Oh @H5JHR you’re sure having a difficult time of it. Sorry your husband has had 2 falls but sounds like he’s in right place for now.
Given everything that’s been happening since he came home it’s probably a blessing he will have to go into respite before coming home again. Hopefully that time can be used to ensure everything you both need is in place before he comes home again.
In the meantime enjoy catching up on your sleep.
Best wishes xxx

My husband was in hospital for 5 days. It could have been 3 days but the hospital made an admin error regarding the care package which was very annoying. He is now home but struggling with his condition. Quite miserable but the good thing is that he stayed in bed until 6am. Although we were both on edge at least I didn’t have to get up in the night. He had been represcribed a water tablet to help his breathing which I was told might help him to sleep better. So far so good except it is like starting again as he was only out of hospital for a few days before going back again. I guess his short term memory means he has forgotten a lot of what he has learnt.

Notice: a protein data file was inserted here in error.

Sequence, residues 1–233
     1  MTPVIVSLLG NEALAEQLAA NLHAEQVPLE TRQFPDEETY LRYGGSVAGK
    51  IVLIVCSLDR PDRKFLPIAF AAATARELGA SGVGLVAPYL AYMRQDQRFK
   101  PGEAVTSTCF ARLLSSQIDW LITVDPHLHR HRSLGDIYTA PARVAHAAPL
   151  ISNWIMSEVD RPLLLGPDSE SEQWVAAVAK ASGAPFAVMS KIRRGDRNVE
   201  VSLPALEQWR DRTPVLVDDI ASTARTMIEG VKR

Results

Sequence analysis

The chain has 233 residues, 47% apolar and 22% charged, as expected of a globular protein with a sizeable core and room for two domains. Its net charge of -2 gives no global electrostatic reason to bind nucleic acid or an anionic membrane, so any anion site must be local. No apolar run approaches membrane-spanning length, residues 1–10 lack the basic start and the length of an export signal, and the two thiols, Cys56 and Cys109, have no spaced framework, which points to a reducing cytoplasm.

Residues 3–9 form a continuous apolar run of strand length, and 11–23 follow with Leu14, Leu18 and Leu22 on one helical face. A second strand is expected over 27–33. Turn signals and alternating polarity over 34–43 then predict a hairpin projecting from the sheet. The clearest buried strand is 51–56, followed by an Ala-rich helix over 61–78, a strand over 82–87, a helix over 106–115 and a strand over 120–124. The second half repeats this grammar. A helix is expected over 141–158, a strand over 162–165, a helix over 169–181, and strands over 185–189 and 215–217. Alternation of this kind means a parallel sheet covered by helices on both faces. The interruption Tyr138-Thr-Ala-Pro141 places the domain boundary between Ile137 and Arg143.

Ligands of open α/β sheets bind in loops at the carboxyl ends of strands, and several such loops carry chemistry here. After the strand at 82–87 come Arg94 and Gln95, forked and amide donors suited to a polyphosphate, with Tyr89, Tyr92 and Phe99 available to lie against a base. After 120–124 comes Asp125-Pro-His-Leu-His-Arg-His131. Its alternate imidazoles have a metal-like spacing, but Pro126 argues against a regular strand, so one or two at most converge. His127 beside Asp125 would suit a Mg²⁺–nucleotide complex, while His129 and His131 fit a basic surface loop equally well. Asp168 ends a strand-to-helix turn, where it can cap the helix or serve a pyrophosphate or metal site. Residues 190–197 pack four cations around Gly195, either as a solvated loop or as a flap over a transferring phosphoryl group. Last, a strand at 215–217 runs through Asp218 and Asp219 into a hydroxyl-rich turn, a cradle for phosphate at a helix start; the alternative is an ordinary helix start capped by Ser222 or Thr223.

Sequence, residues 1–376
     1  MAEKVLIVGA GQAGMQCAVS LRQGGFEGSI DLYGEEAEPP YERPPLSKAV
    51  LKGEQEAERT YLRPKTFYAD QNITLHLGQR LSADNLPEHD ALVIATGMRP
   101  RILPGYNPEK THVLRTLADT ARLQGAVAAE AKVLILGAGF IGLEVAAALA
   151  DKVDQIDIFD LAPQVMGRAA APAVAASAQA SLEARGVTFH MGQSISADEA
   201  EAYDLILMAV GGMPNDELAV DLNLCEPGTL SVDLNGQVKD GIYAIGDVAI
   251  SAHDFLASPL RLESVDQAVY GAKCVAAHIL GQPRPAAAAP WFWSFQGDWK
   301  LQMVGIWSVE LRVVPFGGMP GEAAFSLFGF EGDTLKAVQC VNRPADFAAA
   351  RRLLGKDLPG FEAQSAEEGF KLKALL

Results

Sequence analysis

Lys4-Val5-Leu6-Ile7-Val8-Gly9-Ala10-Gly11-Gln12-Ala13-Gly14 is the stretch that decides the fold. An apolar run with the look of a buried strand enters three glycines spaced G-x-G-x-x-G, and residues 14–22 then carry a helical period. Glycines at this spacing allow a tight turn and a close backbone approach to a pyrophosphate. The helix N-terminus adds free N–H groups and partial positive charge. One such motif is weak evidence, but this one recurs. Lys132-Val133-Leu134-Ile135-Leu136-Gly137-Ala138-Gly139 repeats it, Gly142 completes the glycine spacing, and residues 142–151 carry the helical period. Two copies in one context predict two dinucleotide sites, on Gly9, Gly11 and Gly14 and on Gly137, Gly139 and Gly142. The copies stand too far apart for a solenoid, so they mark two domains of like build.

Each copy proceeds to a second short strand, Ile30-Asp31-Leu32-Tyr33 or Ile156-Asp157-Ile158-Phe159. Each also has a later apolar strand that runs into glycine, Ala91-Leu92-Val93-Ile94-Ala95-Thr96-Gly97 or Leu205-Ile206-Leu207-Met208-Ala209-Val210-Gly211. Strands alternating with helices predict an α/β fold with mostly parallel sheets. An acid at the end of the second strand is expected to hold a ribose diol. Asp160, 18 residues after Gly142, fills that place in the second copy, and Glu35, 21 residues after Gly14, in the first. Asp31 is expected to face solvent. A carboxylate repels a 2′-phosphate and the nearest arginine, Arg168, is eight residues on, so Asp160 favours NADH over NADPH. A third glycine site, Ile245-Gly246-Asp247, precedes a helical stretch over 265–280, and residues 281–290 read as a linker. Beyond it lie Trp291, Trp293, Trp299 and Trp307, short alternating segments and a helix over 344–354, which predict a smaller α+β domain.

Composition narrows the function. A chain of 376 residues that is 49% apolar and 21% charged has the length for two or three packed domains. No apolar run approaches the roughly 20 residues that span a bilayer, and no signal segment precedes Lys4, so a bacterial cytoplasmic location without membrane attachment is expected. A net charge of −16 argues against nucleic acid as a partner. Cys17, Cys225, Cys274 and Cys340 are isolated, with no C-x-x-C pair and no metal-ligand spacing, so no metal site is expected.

@H5JHR it sounds like there has been a small amount of progress even if it feels like you’re starting again. Not having to help him in the night is better for you & once the initial anxiety of thinking you’ll need to be on alert for him has worn off you should feel better too.
Hope things start to improve again now he’s home.
Take care xx